Americans are very informal in their speech, dress, and behavior. Getting on a first name basis such as introducing people by a first name or addressing elderly people by their first name, and sitting without being asked to, are all considered normal behaviors. This is not seen as rude and is more of a by-product of their value of equality.


Americans prefer to get right down to business. They value eye contact, directness, and prefer to deal with problems by discussing them. There is a lot of importance placed on personal opinions. Additionally, questioning ideas and open discourse of any topic — 'especially in an academic setting – are encouraged.


The American Constitution states the belief that everyone should be granted equal opportunity. The U.S. has no monarchy or titles. Any natural-born citizen can run for public office. This belief has shaped Americans' informality values and the expectation of upward mobility.


While most wouldn't be proud to acknowledge this, it must be said that Americans are the biggest consumers in the world. The mantra 'bigger is better' does shape the American lifestyle and many expats are shocked at the portions in restaurants, average home size, and spending habits of Americans. Some of this is a result of the cheap cost of products in the U.S. Rather than fixing something that's broken, it is often cheaper to simply buy a replacement.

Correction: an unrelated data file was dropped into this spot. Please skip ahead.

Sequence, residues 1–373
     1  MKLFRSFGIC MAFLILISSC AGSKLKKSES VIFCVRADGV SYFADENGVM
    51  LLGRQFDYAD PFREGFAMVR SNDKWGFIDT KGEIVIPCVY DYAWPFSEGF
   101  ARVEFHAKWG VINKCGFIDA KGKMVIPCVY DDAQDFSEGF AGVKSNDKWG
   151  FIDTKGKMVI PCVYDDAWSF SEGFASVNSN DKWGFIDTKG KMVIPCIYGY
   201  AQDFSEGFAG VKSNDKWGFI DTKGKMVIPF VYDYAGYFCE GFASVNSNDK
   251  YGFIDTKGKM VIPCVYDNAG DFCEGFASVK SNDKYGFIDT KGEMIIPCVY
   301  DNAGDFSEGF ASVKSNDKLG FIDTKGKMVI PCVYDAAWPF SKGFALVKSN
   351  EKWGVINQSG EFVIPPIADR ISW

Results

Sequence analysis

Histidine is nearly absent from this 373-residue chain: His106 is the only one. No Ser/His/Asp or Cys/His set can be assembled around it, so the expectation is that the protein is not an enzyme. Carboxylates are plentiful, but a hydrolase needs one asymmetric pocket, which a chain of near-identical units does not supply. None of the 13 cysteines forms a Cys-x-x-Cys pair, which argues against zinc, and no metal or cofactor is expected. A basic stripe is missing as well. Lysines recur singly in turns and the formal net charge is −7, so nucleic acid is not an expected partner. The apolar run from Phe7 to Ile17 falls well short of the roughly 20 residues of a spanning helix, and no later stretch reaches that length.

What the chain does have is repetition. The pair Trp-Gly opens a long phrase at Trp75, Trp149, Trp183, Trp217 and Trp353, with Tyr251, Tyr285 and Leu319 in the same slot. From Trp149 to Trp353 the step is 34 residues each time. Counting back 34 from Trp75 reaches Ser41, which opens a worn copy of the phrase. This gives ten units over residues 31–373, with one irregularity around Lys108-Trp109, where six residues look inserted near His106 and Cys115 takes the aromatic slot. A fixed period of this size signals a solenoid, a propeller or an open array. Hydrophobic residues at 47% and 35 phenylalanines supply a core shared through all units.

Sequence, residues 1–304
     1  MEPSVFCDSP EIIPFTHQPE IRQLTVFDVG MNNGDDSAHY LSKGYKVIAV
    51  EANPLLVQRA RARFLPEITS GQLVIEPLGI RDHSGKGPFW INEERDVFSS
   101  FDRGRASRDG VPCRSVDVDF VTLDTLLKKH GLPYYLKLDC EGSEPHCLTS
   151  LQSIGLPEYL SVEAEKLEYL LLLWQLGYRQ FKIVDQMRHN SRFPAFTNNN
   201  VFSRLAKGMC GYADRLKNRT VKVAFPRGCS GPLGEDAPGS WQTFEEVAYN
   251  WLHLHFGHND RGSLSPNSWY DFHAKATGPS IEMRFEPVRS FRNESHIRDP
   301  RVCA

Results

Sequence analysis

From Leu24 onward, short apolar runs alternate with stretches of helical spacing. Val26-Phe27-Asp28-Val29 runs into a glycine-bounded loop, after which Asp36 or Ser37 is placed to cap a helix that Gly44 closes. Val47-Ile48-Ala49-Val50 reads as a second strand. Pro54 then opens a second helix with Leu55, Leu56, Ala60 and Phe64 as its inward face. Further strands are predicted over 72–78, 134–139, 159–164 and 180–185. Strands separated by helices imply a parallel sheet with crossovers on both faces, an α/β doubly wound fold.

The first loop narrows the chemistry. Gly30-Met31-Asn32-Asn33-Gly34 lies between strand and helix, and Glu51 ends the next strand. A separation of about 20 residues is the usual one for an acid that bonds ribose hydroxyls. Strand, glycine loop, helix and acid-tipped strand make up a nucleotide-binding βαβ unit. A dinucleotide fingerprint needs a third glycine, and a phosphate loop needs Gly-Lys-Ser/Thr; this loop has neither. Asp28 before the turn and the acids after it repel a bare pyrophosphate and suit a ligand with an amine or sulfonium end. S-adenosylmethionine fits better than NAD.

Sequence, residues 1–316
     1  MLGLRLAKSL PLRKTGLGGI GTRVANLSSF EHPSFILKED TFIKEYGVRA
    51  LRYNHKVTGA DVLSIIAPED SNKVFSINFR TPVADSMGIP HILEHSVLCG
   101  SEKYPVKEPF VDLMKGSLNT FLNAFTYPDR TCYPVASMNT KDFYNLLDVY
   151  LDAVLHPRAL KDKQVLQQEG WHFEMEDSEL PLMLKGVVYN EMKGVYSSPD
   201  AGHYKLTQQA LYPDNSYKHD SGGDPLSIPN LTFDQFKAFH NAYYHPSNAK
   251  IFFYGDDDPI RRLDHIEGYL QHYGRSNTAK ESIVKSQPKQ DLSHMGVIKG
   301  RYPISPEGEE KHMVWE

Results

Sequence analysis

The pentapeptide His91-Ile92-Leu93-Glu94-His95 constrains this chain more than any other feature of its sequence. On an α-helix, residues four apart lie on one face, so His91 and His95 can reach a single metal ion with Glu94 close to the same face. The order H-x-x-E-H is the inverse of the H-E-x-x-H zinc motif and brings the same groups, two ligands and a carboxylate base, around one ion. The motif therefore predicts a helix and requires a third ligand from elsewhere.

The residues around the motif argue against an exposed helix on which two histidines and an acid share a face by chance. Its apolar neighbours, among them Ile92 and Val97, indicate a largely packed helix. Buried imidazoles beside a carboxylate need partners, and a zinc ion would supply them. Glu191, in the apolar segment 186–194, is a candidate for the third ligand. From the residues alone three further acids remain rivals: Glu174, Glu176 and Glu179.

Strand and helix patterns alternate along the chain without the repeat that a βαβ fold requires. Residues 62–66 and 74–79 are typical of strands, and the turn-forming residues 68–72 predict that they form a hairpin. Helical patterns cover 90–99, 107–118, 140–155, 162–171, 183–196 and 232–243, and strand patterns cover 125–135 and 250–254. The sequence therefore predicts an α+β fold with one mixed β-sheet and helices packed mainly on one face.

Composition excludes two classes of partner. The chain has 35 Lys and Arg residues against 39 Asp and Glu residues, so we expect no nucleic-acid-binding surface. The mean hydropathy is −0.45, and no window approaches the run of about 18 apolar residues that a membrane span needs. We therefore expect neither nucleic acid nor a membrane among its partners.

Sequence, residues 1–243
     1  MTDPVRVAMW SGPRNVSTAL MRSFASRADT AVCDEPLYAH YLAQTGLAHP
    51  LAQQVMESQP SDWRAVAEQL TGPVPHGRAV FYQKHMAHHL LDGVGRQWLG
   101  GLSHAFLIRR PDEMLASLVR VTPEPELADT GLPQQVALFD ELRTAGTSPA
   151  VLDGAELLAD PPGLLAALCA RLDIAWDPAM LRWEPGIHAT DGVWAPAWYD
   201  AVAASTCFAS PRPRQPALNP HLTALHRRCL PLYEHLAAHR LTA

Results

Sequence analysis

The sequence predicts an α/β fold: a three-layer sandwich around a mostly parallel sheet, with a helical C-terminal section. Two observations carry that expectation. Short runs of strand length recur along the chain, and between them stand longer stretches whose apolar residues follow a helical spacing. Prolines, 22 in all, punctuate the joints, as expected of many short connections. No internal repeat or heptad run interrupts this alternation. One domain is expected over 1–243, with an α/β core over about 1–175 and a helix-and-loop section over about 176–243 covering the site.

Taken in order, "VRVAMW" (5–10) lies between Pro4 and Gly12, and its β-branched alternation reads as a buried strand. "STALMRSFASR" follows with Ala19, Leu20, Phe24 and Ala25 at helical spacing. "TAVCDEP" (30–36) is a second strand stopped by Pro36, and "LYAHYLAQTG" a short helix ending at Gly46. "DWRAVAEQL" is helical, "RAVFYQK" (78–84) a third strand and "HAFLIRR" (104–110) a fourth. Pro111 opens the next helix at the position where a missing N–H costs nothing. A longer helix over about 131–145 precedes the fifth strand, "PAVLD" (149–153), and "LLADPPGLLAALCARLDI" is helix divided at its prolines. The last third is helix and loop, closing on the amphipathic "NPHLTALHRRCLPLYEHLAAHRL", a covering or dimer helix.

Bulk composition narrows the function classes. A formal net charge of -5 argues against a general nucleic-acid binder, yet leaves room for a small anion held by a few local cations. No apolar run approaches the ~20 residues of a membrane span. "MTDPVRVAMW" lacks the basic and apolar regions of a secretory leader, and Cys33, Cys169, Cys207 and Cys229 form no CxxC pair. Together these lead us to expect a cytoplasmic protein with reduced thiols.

Americans love to have big celebrations and often do so with lots of decorations, food, barbecues, and parties. There are many uniquely American holidays and the two most celebrated are Independence Day and Thanksgiving. Both days put emphasis on a gathering of family and friends, with plenty of 'traditional' food for the occasion. For instance, the 4th of July (Independence Day) falls during the hot summer months, and most people enjoy gathering around a barbecue, whereas for Thanksgiving in the fall, a roasted turkey and lots of pies for dessert are the norm. While all government offices are closed on national holidays, it's up to the discretion of private businesses to close or not. Below is a list of the United States' national holidays:

  • New Year's Day (January 1)
  • Birthday of Martin Luther King, Jr. (Third Monday in January)
  • Washington's Birthday (Third Monday in February)
  • Memorial Day (Last Monday in May)
  • Independence Day (July 4)
  • Labor Day (First Monday in September)
  • Columbus Day, re-named in some states as Indigenous Peoples' Day (Second Monday in October)
  • Veterans Day (November 11)
  • Thanksgiving Day (Fourth Thursday in November)
  • Christmas Day (December 25)


The first settlers came to the United States looking for freedom and opportunity — and religious freedom was a big part of this. To this day, religion continues to play an important role in the

American society and almost every known religion is practised in the country — with over 70% of Americans identifying as Christians.